China’s economy is showing unexpected signs of resilience in areas including consumer confidence and lending to private companies, some of the bright spots amid the slowest expansion since at least 1992, according to Credit Suisse.
Over half of Chinese consumers expect their families’ financial conditions to improve in 2020, while more than a third say their employers’ business conditions will be better next year, based on a survey of about 800 people across the country by China Quantitative Insight (CQi), the data-driven analytics team at the Swiss investment bank.
Some 60 per cent of the 75 guarantee and financial leasing firms, considered key facilitators of lending to private firms in China, expect to see an increase in overall borrowing in the final quarter of this year from the preceding three months, according to a separate survey of 400 businesses in dozens of cities. About one-third of small- and medium-sized enterprises reported an increase in the credit queues from lenders this year versus a year ago.
The findings come as a pleasant surprise given that the world’s second-largest economy has just experienced the slowest economic growth on record at 6 per cent last quarter. A trade war with the US over the past 18 months has crimped exports and slowed manufacturing, while a growing number of companies are reneging on bond repayments.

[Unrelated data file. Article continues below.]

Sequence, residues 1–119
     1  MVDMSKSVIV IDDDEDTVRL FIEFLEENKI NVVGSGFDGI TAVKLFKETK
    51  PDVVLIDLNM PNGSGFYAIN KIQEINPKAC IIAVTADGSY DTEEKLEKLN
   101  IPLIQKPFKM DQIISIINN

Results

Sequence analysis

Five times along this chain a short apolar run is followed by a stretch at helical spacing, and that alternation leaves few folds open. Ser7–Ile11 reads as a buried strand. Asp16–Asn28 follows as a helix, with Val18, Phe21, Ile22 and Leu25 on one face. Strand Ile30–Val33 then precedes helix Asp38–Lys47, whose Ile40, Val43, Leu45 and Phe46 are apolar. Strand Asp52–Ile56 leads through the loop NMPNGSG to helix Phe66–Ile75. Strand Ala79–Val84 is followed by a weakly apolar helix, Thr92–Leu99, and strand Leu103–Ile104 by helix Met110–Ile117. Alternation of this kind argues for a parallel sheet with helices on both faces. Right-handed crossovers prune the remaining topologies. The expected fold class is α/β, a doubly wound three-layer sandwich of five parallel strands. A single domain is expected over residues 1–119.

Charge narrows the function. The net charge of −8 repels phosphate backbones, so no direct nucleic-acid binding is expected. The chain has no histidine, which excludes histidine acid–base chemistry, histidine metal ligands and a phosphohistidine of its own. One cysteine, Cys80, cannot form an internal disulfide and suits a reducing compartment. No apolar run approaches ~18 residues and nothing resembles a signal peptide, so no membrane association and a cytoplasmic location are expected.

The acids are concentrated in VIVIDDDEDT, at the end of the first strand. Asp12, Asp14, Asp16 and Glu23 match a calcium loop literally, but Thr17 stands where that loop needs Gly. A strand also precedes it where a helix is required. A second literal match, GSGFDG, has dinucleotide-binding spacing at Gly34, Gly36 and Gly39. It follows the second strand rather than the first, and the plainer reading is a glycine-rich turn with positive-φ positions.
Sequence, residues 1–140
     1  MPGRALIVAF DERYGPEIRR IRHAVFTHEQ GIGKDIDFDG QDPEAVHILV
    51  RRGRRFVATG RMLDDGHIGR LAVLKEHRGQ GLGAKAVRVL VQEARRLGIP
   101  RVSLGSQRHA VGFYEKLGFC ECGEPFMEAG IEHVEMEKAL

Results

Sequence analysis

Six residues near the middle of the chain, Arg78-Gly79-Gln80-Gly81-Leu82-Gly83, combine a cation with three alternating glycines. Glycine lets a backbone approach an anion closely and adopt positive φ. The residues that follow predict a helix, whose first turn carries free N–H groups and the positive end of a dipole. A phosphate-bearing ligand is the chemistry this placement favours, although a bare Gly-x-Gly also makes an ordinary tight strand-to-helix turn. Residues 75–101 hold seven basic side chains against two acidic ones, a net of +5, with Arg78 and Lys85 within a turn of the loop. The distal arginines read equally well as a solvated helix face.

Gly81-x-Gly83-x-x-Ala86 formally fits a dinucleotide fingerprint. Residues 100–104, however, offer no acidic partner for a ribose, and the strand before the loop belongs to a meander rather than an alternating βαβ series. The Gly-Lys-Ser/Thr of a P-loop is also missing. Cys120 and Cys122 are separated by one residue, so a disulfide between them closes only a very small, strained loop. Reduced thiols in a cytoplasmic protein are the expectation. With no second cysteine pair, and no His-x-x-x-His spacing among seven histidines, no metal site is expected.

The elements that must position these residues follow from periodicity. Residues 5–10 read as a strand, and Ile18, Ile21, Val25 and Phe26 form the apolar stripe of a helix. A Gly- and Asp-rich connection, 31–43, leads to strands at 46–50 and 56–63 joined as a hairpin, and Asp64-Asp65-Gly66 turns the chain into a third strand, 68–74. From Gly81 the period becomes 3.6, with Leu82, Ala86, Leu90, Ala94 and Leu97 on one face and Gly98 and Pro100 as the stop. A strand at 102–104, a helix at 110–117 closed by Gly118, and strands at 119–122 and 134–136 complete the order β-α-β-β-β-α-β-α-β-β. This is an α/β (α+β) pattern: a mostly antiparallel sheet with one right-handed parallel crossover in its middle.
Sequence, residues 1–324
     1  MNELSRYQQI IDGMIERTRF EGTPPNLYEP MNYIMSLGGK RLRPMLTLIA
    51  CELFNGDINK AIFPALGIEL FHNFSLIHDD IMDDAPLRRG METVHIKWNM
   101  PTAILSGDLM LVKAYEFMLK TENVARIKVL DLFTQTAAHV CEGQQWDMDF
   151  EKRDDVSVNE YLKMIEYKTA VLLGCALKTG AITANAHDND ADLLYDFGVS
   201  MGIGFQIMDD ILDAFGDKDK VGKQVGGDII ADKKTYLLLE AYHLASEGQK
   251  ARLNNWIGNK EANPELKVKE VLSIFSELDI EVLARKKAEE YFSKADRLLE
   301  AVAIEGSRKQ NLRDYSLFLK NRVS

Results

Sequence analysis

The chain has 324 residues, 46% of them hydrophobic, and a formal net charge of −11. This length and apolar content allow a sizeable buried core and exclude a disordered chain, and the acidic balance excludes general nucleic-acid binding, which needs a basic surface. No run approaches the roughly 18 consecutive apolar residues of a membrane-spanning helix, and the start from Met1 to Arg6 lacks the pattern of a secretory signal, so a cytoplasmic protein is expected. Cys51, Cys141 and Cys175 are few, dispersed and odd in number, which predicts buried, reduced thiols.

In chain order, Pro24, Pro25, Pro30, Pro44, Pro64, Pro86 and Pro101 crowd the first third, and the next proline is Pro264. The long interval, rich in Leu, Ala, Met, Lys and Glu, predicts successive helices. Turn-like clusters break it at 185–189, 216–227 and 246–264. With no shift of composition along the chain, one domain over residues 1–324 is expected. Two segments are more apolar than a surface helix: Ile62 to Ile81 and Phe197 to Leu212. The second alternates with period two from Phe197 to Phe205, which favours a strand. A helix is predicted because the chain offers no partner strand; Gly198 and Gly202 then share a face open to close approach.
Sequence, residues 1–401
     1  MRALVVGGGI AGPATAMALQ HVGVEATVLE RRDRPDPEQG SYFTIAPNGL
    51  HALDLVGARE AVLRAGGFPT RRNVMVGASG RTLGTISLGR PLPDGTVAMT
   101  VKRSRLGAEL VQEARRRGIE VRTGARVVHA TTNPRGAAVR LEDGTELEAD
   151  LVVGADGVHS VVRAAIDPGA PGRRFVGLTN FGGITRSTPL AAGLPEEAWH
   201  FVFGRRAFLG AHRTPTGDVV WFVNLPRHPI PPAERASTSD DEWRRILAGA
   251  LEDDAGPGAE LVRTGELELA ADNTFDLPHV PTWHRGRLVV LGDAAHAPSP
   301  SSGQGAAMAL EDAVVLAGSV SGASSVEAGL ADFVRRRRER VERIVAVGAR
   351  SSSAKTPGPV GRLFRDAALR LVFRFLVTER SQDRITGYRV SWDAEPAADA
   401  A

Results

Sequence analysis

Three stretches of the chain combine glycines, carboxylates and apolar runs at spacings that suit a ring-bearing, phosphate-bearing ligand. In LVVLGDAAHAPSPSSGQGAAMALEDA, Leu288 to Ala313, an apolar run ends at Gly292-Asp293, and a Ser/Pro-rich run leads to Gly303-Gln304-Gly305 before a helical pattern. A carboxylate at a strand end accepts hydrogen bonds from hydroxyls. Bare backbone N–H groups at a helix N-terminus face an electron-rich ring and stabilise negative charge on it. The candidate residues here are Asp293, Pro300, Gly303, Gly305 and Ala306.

“The most striking thing from our recent work is the resilience on the Chinese consumer side,” David Murphy, managing director and head of the CQi team, said in an interview with The South China Morning Post. “The fact that people and businesses, such as those guarantee and leasing firms on the margin, are all generally more positive on a forward view in the next six to twelve months, is impressive.”
Murphy established the CQi team when he joined Credit Suisse in September, after leaving CLSA where he co-founded the China Reality Research team whose grass roots insights on China’s economy gained wide recognition.
The better sentiment on the ground is partially a result of Beijing’s policy push to help the nation’s smaller firms, Murphy said. For example, the State Council in April set a target for the country’s five biggest state-owned lenders to increase their loans to micro and small businesses by 30 per cent this year from 2018.
“There is a lot of bad news flow everywhere, but back to the question of income growth for next year and the business sentiment, those things make it look like there is room for a moderate optimism next year.”
One key concern, though, is accelerating inflation triggered by soaring pork prices, according to Credit Suisse, as 70 per cent of respondents complained prices as being too high. They ranked surging pork prices as a bigger factor than the trade war in affecting their spending confidence.
A doubling of pork prices pushed consumer prices in October to near the highest in eight years, as the outbreak of African swine fever led to culling and dented supply of the meat.
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